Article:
It is estimated that 1 in 3 women will experience birth trauma.
Trauma related to birth can include both physical injury and emotional trauma from the way they were related to throughout the birth by professionals. They may not have been listened to or were spoken to in an unhelpful or demeaning way.
Typical trauma responses to birth may include increased levels of anxiety, fear of certain situations or flashbacks and nightmares of the birth.
There are lots of different reasons why you might experience symptoms of trauma following a birth. Your childbirth experience may not have gone according to how you planned or expected it to happen. You may have had a particularly long labour or encountered complications.
It might have been a situation where you hoped for a natural birth, but due to problems, you were forced to have an emergency caesarean.
Or there may have been health concerns for your baby that added additional stress following the birth.
There are also unfortunately situations where medical staff aren’t as supportive as they should have been. Sometimes, in the hustle and bustle of the labour ward, medical professionals don’t always take the time to explain what’s happening and why or take the time to assist with your emotional needs both before, during and after birth.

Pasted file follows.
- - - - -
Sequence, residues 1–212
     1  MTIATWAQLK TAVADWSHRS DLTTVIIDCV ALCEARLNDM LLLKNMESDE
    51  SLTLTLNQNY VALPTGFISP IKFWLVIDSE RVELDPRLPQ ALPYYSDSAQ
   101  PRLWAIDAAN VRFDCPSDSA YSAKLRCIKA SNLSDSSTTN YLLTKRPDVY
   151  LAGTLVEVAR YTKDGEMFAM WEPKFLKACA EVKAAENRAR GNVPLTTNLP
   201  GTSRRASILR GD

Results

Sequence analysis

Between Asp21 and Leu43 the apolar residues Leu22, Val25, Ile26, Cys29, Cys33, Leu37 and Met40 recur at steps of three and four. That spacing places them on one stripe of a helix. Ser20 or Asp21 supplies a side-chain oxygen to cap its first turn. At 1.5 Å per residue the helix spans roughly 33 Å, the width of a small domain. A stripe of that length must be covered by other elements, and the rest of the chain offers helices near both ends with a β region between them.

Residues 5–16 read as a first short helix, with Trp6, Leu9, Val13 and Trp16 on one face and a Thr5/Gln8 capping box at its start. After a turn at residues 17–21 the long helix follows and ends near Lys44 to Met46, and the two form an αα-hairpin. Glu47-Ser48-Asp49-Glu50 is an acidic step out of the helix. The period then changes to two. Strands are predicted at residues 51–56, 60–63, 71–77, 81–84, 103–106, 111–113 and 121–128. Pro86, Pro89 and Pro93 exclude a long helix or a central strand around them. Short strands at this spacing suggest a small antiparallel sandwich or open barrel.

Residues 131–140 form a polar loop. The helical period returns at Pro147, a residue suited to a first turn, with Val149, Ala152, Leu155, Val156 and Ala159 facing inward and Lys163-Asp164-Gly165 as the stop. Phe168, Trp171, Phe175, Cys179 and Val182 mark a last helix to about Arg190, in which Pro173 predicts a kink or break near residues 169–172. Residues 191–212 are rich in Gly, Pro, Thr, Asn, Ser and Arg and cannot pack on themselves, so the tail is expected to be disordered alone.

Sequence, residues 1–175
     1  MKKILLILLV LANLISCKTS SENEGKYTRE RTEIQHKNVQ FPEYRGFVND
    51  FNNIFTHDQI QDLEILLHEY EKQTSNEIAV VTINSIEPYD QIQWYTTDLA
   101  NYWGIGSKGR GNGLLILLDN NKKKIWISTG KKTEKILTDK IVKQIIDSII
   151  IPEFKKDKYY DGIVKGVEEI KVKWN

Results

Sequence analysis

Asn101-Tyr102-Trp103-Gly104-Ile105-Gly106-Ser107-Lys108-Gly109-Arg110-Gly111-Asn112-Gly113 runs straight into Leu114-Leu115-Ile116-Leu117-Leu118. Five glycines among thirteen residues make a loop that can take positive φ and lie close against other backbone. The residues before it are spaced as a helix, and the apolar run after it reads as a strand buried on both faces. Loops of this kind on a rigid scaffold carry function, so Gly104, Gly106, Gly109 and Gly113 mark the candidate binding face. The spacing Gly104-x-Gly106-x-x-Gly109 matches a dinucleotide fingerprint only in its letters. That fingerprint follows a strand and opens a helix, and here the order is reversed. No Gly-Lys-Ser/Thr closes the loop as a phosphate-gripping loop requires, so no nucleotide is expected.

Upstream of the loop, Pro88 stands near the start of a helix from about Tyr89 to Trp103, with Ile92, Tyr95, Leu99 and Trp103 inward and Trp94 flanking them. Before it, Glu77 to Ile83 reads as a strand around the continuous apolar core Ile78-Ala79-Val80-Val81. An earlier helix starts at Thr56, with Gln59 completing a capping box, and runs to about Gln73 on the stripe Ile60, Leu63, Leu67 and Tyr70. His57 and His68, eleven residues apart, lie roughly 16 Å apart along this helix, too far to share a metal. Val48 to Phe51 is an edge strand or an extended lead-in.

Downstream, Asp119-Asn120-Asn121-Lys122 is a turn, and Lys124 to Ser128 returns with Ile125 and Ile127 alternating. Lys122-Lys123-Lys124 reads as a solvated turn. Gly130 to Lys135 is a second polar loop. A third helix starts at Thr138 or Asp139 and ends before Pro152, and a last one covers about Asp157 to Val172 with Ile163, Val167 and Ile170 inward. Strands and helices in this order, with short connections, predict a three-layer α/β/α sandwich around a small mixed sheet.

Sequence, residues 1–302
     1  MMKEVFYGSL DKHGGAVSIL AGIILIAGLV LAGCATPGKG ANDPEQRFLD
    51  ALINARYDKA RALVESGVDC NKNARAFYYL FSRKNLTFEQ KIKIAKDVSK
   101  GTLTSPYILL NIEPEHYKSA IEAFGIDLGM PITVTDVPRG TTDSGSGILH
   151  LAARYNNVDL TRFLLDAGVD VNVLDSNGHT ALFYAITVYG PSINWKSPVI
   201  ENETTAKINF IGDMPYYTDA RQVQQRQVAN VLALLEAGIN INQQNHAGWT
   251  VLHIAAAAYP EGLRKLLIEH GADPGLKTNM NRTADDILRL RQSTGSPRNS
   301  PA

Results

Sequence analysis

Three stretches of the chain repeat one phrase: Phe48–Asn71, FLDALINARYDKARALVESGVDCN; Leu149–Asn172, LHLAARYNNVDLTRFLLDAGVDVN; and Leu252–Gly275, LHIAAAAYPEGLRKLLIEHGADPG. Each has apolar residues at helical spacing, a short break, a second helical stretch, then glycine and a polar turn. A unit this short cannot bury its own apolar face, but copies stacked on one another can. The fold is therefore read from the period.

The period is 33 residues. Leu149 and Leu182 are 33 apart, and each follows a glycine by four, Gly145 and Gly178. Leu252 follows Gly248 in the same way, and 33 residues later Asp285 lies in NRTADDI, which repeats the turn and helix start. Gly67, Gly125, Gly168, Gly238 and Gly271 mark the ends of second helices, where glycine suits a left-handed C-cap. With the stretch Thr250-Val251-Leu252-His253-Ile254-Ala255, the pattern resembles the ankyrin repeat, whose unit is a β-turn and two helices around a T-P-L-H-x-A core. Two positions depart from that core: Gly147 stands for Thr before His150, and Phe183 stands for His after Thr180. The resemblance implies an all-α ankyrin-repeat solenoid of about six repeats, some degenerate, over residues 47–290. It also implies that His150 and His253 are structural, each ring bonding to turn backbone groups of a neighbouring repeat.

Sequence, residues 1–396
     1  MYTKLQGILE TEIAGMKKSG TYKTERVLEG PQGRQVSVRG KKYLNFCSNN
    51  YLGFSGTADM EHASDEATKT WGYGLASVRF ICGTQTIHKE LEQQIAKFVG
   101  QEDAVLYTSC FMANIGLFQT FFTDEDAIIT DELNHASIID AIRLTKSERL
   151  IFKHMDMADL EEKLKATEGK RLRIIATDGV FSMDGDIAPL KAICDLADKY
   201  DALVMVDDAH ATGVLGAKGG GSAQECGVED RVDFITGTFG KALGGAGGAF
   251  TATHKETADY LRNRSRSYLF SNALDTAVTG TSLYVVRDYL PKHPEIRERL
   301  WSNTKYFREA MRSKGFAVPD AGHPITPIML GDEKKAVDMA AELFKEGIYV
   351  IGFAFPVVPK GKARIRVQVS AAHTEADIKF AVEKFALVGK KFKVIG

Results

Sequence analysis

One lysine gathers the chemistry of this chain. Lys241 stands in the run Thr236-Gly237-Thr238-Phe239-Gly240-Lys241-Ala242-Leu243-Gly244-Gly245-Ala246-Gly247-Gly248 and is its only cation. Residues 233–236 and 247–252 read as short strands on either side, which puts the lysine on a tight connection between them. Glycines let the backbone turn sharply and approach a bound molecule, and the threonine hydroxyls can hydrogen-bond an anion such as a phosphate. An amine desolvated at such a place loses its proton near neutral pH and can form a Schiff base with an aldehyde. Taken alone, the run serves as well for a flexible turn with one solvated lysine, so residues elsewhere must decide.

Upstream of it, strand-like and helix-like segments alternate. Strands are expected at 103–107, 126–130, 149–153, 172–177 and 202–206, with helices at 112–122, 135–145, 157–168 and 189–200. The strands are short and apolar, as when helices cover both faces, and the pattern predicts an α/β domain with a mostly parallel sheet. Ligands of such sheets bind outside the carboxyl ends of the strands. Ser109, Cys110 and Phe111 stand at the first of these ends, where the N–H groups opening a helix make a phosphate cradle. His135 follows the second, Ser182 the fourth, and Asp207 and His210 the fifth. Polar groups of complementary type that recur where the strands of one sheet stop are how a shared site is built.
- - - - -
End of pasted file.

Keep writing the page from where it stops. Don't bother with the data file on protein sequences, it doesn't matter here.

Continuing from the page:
Any and all of these scenarios can produce birth trauma – including symptoms such as depression and anxiety. These symptoms aren’t pleasant, and they may get in the way of how you care for your baby and others.
Psychological intervention and support can aid women to learn strategies to manage anxiety, and to process their trauma in healthy, productive ways.
A skilled psychologist can assist you to understand what’s happened, why you feel the way you do and help you to make sense of things going forward.
They’ll also provide you with useful strategies and things to do to ease your symptoms and enhance your resilience.
This can make daily life easier and increase your ability to cope with the demands of your new child.
One of the most important things to remember with any level of birth trauma (and indeed any type of trauma) is to seek professional help and support as early as possible.
Often, traumatic responses can worsen over time when they’re not dealt with in the right ways. It can become a real downward spiral – which is not helpful when you’ve got a family who relies on you.
If you feel the effects of a traumatic birth might be impacting your mood and wellbeing on a daily basis, the sooner you seek the right support, the better for everyone.
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